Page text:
At our encounter with the astonishing outburst of genius in Russian novels and reminiscences of the 19th century, we come under the spell of its spontaneity and spaciousness. Free of plot-time, human beings are seen floating their lives carelessly in the moods of the hours of the day yet dramatising their relationship with Russia itself. They become gripped by nostalgia for the future, tormented by absolute ideas. Once these Russians have an idea in their heads they push it to extremes: this excites us at first; presently we feel claustrophobia. In the West, we say, we have long ago grown out of feudalism and despotism; we have had our Renaissance. On second thoughts, doubts disturb us. It strikes us that we may be slipping back into the predicaments in which a Turgenev, Herzen, a Bakunin, a Dostoevsky or Tolstoy found himself.
Of this subject, in his essays on political thought in Europe, Isaiah Berlin has a masterly grasp. He is one of the most concerned liberal minds in Europe: he can be said to have reconnected the English reader – so suspicious of abstractions — with European thought. He is a philosopher and historian who has an unmatched and intimate knowledge of the changes of the Russian experience in its relation to the West and has deeply enriched our understanding of it.
Peripatetics of rapid, encyclopedic minds, like Isaiah’s, are apt to scatter their learning in lectures and learned reviews or an occasional short book; it is therefore good to have the first of four volumes of his collected utterances and writings. Sir Isaiah is a liberal and a pluralist but a tough one: he rejects the view that all conflicts of values can be finally resolved by synthesis and all desirable goals can be reconciled by moderation or the golden mean. Moral dilemmas may involve making ‘agonising choices’ between incompatible but equally desirable ends. The Russian writers he discusses ‘lived through’ these questions in torment and often in despair.
The startling question Turgenev’s characters put to one another the instant they meet (‘What are your convictions?’), the tendency to challenge as if to hesitate were cowardice in the pursuit of truth, are not eccentricities: they are compulsions. Are you a pluralist fox who knows many things or a monist hedgehog who knows only one? The essay on Tolstoy, ‘The Hedgehog and The Fox’, with its fascinating analysis of his underground link with another fox, Joseph de Maistre, the reactionary opposite with whom Tolstoy seems to share a common nihilism — a matter little known to the general English reader — is the most substantial and moving in the book. Tolstoy was torn between passionate desire for a monistic vision of life and the cunning resources of his realism.
The disillusion of the Russian idealists with Europe began after the failure of the revolution of 1848. The event was remote and affected Russia materially or politically scarcely at all — beyond frightening the Tsar, holding up agrarian reforms, and strengthening censorship. Only the handful of intellectuals whose minds had been formed by the Enlightenment and German Romanticism were affected. The truly indigenous invention was the word ‘intelligentsia’ which has since captivated the world. Its meaning is commonly perverted. The intelligentsia are not simply intellectuals. They were imbued with the political and social urge to drag Russia out of the middle ages. They thought of themselves as a dedicated secular brotherhood whose quarrels passed through reformist, schismatic, populist, utilitarian and finally revolutionary phases. They judged all imaginative writers by their whole social tendency both as men and as artists: the great Russian novelists were born as men with the moral obligation to speak their truth about the society they lived in and were fiercely judged by their rival ideologues.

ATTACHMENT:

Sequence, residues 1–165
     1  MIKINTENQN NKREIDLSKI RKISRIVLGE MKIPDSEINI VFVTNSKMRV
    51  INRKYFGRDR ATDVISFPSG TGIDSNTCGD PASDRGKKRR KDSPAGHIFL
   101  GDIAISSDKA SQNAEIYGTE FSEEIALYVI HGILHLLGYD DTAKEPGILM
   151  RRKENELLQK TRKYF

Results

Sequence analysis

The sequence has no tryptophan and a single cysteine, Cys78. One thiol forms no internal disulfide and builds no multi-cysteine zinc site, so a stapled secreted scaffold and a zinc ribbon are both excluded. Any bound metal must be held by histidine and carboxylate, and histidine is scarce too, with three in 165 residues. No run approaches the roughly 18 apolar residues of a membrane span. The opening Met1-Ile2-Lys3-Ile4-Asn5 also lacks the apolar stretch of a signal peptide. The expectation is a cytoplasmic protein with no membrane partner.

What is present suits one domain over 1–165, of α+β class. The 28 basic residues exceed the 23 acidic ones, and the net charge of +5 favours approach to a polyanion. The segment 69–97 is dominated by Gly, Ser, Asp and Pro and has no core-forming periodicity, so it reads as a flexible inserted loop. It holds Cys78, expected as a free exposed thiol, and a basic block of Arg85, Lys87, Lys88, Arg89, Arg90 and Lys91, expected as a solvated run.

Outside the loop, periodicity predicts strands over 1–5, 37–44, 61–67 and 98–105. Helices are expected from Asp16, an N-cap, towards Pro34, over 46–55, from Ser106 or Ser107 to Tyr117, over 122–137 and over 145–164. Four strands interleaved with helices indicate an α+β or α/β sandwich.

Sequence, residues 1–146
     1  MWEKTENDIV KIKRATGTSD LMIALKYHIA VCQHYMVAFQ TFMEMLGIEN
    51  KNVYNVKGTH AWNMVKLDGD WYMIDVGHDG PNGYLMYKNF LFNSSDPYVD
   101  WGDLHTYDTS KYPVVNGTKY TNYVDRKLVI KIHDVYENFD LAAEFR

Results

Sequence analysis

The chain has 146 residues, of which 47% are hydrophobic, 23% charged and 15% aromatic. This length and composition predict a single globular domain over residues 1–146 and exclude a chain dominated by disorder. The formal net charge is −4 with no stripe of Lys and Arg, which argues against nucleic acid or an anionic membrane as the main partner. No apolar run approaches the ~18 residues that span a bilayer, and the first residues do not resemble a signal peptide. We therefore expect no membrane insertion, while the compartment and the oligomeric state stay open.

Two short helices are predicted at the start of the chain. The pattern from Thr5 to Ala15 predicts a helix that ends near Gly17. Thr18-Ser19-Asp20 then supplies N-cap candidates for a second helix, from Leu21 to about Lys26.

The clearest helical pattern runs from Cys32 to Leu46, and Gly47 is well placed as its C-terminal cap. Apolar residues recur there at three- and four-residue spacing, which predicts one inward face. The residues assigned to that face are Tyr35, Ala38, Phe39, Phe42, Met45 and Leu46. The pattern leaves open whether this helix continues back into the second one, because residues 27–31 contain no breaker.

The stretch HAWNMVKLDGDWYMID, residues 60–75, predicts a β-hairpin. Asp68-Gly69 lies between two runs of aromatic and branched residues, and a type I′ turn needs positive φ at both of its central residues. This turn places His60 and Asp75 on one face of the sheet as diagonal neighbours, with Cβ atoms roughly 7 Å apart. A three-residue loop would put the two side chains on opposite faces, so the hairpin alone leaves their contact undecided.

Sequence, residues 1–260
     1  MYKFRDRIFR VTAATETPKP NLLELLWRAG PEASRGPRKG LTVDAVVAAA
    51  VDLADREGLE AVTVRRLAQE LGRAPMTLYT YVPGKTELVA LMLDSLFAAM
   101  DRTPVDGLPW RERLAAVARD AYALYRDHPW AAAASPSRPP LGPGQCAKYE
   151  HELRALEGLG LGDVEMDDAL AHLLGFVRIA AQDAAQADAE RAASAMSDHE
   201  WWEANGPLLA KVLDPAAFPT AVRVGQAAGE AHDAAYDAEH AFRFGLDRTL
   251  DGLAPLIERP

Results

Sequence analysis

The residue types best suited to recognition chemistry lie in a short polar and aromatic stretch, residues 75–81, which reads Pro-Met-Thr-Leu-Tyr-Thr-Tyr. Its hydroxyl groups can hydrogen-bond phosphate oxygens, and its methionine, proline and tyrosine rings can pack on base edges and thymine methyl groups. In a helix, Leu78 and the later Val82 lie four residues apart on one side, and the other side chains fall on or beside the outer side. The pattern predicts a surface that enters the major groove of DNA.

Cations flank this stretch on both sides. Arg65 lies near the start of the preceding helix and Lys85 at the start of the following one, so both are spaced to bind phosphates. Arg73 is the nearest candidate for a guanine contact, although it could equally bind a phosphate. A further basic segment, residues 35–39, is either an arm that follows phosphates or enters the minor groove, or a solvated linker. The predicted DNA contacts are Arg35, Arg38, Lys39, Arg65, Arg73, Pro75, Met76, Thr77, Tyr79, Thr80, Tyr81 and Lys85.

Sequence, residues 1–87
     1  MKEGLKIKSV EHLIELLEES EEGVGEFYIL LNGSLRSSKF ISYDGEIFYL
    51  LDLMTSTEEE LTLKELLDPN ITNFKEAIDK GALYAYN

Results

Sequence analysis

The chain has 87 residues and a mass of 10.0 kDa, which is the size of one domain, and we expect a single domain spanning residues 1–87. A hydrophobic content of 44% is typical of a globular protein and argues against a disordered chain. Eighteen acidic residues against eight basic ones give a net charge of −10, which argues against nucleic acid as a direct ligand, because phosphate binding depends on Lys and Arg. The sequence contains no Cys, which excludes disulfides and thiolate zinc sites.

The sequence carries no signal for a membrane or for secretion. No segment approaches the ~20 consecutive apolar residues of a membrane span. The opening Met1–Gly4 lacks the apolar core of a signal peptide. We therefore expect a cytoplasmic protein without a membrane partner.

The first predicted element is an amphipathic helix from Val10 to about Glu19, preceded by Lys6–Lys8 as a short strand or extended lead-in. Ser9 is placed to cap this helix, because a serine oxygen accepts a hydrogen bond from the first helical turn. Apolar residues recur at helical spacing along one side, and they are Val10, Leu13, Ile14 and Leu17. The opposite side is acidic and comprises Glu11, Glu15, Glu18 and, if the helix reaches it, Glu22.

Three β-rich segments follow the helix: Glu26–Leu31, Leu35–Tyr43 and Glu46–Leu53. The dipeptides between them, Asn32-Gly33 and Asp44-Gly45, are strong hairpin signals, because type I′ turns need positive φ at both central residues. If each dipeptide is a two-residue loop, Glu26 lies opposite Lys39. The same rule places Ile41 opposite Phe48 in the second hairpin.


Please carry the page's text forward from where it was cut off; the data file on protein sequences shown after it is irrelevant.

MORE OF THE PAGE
The essays on Bakunin and Herzen are the most cogent. Bakunin, like many utopians and revolutionaries, was fundamentally destructive: he was willing to destroy the whole world for the benefit of a new one which would arise spontaneously from the ashes. He had no notion that bad means corrupt good ends. His mind is essentially frivolous, destructive in eloquence, a mixture of analytical acuteness and exhibitionism ‘carrying with superb unconcern the multicolour heritage of the 18th century’. He liked to call himself ‘the Russian Bear’: he was really the incurable, even laughing high-spirited adventurer.
The friendship between Bakunin and Herzen, a thinker of the highest order, is an example of the Russian 19th century’s liberal tolerance of reckless company. They shared the belief in liberty, but in Herzen the belief in liberty was a solid, argued conviction, not a mere banner or a barricade. He realised that general and abstract terms like ‘liberty’ and ‘equality’ unless they were ‘translated into specific terms applicable to actual situations were likely, at best, to stir the political imagination and inspire men with generous sentiments, at worst to justify stupidities and crimes’.
Herzen possessed in high degree ‘one of the elements in political genius, a sensibility to characteristics and processes in society while they are still in embryo and invisible to the naked eye’. His attitudes to revolution, to liberalism and conservatism are ambivalent but, if he switches his war against abstractions from one point to another, he is always committed. Of all the minds and temperaments discussed in these essays and lectures, Herzen is the one who comes closest to Isaiah Berlin’s imagination and to his feeling for the tough pluralism which has enabled him to bring the Russian thinkers to our door where we now face a world as exposed as theirs.